Tinos, The Gem of the Cyclades

With its peace and beauty- both natural and man-made, the island of Tinos makes for the perfect weekend getaway, except in August.

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Unless you’re hoping for a miracle or have a special affinity for your fellow man in large doses, you should never contemplate visiting Tinos in August. Around the time of the feast of the Assumption, this Cycladic island is bursting with pious pilgrims, many of which will crawl on their knees from the port to the marble cathedral where they will join hundreds of other penitents waiting for a chance to kiss the famous wonderworking icon of the Virgin.

During the rest of the year, however, Tinos is blissfully free of crowds. Somehow its reputation for religious pilgrimage has masked the fact that the rest of the island has more than enough beaches, mountains, pretty villages, and superb food to keep most people happy for days. In a lot of cases, these aspects will keep people happy for a lifetime, as indicated by the increasing number of foreigners and Athenians that have started buying houses there.

It’s true that the island does have a comically large number of churches. While Mykonos has one church for every day of the year, Tinos, with its 750, can manage two per day with several left over. Some say this is because, thanks to the many centuries of Venetian occupation, one in every three Tinians is still Catholic, and there is an undeclared war between the Orthodox and the Catholic to outdo each other. But whether you are a believer or not, these buildings only add to the charm of Tinos’s landscape. Unexpected Italian belfries contrast uniquely with Byzantine domes and both types of church bell lintels, while a plethora of plaques and fanlights have been sculpted into the facades made from local marble.

For Tinos is an island of artists. This is one place where what man hath wrought might just be even more attractive than Mother Nature’s efforts. Which is not to say that the island’s craggy mountains, daisy-filled pastures, and sandy beaches are humdrum, but rather that the villages, dovecotes, and fountain houses are even more beguiling.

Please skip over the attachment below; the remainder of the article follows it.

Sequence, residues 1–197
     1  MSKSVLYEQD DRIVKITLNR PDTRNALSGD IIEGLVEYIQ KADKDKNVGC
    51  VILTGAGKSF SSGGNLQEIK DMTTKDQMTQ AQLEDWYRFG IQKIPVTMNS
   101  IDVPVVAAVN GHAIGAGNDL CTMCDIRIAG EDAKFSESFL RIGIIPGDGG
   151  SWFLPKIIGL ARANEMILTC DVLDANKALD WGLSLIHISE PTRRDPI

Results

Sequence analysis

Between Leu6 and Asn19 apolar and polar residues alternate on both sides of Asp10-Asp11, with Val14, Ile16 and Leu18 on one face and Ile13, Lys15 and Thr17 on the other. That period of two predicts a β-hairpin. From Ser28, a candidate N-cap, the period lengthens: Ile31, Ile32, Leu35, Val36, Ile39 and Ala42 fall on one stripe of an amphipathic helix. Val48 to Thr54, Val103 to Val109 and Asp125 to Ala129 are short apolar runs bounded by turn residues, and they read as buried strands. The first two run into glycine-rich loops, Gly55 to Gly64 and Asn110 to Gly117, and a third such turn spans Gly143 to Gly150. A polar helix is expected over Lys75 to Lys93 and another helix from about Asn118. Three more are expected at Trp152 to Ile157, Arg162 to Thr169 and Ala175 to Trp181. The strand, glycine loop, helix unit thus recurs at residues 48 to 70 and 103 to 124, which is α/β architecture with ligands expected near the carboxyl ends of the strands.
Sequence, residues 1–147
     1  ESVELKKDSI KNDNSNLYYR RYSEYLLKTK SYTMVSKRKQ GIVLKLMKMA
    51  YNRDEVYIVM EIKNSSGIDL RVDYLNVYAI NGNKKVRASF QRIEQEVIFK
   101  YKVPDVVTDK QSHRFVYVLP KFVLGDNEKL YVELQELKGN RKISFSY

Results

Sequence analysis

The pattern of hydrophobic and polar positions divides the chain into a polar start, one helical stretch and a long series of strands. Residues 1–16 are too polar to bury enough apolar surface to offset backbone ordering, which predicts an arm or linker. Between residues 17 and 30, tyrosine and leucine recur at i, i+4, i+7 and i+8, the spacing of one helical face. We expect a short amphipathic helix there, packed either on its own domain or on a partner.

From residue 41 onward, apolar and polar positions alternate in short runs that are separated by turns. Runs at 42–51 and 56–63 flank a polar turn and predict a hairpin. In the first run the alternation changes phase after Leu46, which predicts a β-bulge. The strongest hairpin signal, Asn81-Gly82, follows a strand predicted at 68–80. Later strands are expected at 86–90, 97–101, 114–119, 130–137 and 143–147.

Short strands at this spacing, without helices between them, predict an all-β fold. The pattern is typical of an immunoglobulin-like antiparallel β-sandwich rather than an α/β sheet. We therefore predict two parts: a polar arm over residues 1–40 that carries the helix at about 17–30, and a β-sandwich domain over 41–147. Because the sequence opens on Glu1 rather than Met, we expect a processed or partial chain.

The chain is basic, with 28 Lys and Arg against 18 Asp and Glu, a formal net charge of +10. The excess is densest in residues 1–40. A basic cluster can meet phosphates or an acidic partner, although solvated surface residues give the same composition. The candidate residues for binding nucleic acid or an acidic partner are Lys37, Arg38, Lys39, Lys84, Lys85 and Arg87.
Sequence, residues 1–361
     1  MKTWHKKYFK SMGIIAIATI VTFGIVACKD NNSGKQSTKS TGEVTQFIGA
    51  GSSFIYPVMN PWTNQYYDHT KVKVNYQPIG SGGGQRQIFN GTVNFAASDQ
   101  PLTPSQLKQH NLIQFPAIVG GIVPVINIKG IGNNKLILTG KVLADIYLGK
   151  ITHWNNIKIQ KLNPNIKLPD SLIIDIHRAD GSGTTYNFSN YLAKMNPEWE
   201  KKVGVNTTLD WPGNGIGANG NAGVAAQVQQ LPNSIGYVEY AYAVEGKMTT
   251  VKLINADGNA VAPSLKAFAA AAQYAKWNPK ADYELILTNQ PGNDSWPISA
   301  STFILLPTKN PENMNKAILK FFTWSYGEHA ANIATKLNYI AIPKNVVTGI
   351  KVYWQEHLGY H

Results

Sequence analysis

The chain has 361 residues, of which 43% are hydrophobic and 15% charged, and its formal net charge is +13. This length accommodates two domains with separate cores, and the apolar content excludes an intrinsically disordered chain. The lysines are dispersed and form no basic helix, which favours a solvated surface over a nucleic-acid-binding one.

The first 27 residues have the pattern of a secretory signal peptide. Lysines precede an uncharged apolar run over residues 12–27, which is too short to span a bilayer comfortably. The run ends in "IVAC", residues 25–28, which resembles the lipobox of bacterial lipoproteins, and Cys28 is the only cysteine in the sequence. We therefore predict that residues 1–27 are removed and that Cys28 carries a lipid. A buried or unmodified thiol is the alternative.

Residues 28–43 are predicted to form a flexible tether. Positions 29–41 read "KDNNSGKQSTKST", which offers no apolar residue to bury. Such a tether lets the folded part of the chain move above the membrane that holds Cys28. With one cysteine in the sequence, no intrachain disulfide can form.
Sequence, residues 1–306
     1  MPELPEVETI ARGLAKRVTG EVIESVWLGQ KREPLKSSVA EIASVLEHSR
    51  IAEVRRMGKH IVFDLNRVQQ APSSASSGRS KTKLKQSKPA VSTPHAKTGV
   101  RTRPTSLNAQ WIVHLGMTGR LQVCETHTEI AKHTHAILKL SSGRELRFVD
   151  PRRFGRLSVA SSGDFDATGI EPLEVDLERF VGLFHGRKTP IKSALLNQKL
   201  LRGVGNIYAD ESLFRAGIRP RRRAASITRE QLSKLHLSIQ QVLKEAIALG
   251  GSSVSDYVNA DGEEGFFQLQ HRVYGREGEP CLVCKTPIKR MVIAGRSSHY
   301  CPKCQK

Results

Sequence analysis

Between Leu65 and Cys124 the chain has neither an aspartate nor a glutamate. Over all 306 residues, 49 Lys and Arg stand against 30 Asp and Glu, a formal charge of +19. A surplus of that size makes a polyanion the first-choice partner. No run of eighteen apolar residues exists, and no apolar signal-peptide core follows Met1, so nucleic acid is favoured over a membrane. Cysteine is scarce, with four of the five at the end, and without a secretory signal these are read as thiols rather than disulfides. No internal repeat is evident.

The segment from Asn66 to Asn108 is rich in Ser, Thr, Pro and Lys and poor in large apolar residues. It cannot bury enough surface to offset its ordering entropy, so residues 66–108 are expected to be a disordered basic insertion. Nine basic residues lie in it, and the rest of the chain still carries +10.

Take the dovecotes, for example. There are more than a thousand of these little towers, all decorated with geometric signs and symbols that remind one of the openwork embroidery curtains hanging in every window. Each village looks inward onto a tree-shaded square, and all steps leading up or down to it are outlined in gleaming white, offset by cascades of magenta bougainvillea, and pots of brilliant geraniums. And like the churches, every house has relief sculptures embellishing its façade.

In the countryside, well-tended cobbled paths connect villages with monasteries and crumbling castles. Kekrovouni is one of the largest monasteries in Greece, while Xobourgo Castle is the most significant remnant of Venetian rule in the Cyclades. From Xobourgo Castle to the village of Ktikados is a walk, or drive, through stunning landscape. Though the view from Ktikados might be one of the best in the island, the village’s Drossia taverna will make the walk worth your while. The little cheese pies and keftedakia (fried meatballs) could not be more delicious, while the rabbit stifado (stew) is to die for. Even the cool breeze that passes through the vine-shaded terrace will not disappoint.

From there, it’s about two hours’ walk down to the sea; so hopefully either the stifado has given you a burst of energy, or you had decided to drive to the taverna. On your way down to the beach, you will pull over to take pictures as you cross the scenic old stone bridge at Kionia. As the site of a sanctuary to Poseidon, Kionia features a monument that credits Poseidon with ridding the island of snakes. Kionia is also the home of the Tinos Beach Hotel and there are several sandy coves beyond it that you might want to stop at, whether you prefer more privacy or are simply exhausted from walking.

Up the coast at Porto are more beaches, on either side of the Agios Sostis promontory, and at Pachia Ammos, where there are dunes. You will also find Antonis’ taverna at Pachia Ammos, an eatery with a reputation for "the best moussaka in the Cyclades."

You will be delightfully surprised by the Hora in the evenings. The old district, called Pallada, is filled with old houses converted into ouzeris, bars, and tavernas. Such destinations boast charming architecture, with painted ceilings, wall niches, and stone archways. 

Lastly, Hora’s Koutouki should not be missed. Look for local specialities like wild fennel fritters, fried sun-dried tomatoes, kopanisti (spicy cheese), marinated anchovies, and piquant liver with peppers and onions. And if you’d like to take some of these products home, the square between the ferry landing and town hosts an open-air market most days. This is the place to stock up on capers, sun-dried tomatoes, and both fresh and aged cheeses. Be on the look out for “louzes,” or pork fillets salted,
soaked in red wine with spices, then smoked and hung to dry for several months.

Also, be sure to stop by the tiny village of Volax, a destination known as home to hundreds of basket weavers, especially if you need a basket.

Where to stay
Hotel Tinion- located in one of the grand old houses of Tinos, next to the post office. An extra perk is the splendid breakfast. Tel: 22830 22261, fax 22830 24754.
Hotel Leandros- features attractive island style architecture and furnishings, in a handy location, charming owner. Tel. 22830 23545, 24390.

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